JP Soars CD coverFull Moon Night In Memphis

Soars High Productions

From the first time I saw JP Soars perform on stage at the International Blues Challenge, I knew I was witnessing a truly proficient guitar master. There definitely was something to be said about his winning the Albert King most promising guitarist award at that event, the man can seemingly play any style of guitar and handle them all exceptionally well. That surely comes across on his latest recording, Full Moon Night In Memphis, as he tackles a variety of instruments including electric, acoustic, Dobro, lap steel, cigar box and he even plays bass on one number. An artist who worked in both metal and Gypsy jazz before taking on the blues, he has the feel for anything he sets his mind on and all are completely amazing and satisfying.

Full Moon Night In Memphis is JP Soars third solo outing and he is also a member of the highly successful Southern Hospitality with Damon Fowler and Victor Wainwright. He has a voice that is quite distinctive and just as gritty as Howlin’ Wolf’s. His songwriting skills make him the full package with his knack for catchy, clever numbers that can take on sounds derived from old time blues, Texas shuffles, West Coast swing, New Orleans jazz, Latin and even country. And he covers them all on this disc.

So with so many flavors delivered, where do you start to describe this album. Take your pick. You cannot lose with any of them.

The title track brings back that night at IBC. Soars stood outside the stage door at The Orpheum Theater and looking at the full moon in the sky knew that this night was something special. And he was right as he sings about how it changed his life and things would never be the same again, in a good way. He rips the two strings on his cigar box on this song to their highest potential while Brandon Santini guests blowing some sizzling harmonica. Soars brings that cigar box for another fine outing on the tune “Way Back Home.”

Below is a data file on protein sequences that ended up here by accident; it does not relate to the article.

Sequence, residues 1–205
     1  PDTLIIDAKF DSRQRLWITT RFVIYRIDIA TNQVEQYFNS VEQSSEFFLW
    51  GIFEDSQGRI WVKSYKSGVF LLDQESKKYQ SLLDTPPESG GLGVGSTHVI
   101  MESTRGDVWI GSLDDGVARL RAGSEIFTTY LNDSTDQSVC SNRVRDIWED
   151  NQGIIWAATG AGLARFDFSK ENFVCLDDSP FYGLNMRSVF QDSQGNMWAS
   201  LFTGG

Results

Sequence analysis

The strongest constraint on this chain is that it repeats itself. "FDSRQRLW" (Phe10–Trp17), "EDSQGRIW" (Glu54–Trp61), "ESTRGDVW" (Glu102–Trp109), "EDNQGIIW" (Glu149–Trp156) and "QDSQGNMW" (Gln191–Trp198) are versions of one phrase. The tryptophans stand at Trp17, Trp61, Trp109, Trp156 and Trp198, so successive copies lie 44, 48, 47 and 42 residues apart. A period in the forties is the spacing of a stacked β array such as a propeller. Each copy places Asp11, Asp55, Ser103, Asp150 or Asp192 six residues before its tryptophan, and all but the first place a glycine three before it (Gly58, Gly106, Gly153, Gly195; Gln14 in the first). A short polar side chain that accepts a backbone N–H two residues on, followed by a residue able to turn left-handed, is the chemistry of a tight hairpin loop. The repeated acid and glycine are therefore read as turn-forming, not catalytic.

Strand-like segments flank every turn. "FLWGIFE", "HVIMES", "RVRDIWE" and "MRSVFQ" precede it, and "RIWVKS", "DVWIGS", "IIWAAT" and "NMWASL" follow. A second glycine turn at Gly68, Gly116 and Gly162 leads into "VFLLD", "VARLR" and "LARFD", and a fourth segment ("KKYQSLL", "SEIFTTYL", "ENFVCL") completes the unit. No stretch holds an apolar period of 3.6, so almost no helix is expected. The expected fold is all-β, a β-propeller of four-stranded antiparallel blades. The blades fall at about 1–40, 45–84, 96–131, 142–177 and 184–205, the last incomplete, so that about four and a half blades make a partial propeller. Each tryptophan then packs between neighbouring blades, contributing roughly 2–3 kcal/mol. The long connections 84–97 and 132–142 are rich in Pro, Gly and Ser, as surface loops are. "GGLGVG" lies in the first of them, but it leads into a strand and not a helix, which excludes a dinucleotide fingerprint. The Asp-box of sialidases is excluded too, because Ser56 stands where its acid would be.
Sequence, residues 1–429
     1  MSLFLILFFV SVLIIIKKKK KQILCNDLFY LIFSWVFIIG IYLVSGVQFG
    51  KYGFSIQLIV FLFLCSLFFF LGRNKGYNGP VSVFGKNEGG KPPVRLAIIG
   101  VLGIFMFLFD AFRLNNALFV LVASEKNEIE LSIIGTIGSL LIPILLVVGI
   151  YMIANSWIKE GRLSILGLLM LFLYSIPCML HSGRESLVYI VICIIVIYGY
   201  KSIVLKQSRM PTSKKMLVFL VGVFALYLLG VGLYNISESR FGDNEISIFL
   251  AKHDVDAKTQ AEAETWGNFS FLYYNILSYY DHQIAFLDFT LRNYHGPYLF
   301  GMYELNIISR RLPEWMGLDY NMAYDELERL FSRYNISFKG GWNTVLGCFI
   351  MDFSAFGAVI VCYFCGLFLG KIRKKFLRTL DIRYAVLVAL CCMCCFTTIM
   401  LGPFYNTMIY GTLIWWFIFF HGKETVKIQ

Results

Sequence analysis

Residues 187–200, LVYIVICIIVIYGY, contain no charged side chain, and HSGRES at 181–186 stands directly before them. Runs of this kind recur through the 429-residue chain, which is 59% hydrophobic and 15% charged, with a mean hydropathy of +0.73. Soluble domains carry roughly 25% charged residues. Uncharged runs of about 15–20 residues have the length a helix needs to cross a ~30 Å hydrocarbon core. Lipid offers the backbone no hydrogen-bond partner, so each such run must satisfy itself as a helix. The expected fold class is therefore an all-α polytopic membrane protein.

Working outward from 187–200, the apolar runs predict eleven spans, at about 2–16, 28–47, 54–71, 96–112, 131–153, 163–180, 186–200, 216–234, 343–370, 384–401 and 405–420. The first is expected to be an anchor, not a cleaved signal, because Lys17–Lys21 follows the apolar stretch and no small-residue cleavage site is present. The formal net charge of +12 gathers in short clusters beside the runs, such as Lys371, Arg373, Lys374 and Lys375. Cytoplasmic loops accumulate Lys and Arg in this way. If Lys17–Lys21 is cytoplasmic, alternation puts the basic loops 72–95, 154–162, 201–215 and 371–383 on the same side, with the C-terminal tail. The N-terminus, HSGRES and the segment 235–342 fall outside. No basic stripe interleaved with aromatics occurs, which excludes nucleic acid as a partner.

There is a touch of T-Bone Walker on two pieces, obviously on the cover of the master’s “Mean Old World,” though Soars really slows things down here making it one of the most haunting takes ever heard of the number. His original “Makes No Sense” also brings the T-Bone feel with a smooth pace as he informs his baby that it makes no sense for her to try to change his ways as he is already set and happy with his life the way it is.

There is a little Texas styled guitar on “Savin’ All My Lovin,” West Coast swing on “Missin’ Your Kissin’” with Terry Hanck blowing mean saxophone, “Back To Broke” has a funky Memphis taste, and he even plays a little country number with Teresa James on back-up vocals and Santini again on harp on “The Road Has Got Me Down.” Soars shows that he has not lost his potential for rockin’ blues as pounds out a chunky rhythm on “Somethin’ Ain’t Right,” and tells us all he’s tired of spinning his wheels and being held back, going out of his mind on “Thorn In My Side” that starts out slow before really taking off with sharp, biting guitar. Horn players Scott Ankrom and Chaim Rubinov really take key focus on the fun rereading of the old time classic “Reefer Man” and the early New Orleans jazz styled “Viper” where Soars showcases his knack for Latin and Gypsy jazz, which also comes across beautifully on “Lil’ Mamacita.”

Soars can excel on all variations of guitar and he brings a wide variety on Full Moon Night In Memphis. There are so many roads taken on this disc and all of them come across skillfully and are attention grabbing. There’s never a dull moment when Soars is at the helm. Full Moon Night In Memphis is proof of that.

Total Time: 56:27

Full Moon Night In Memphis / Back To Broke / Makes No Sense / Somethin’ Ain’t Right / Mean Old World / Savin’ All My Lovin’ / Reefer Man / Way Back Home / The Back Room / Thorn In My Side / Viper / The Road Has Got Me Down / Lil’ Mamacita / Missin’ Your Kissin’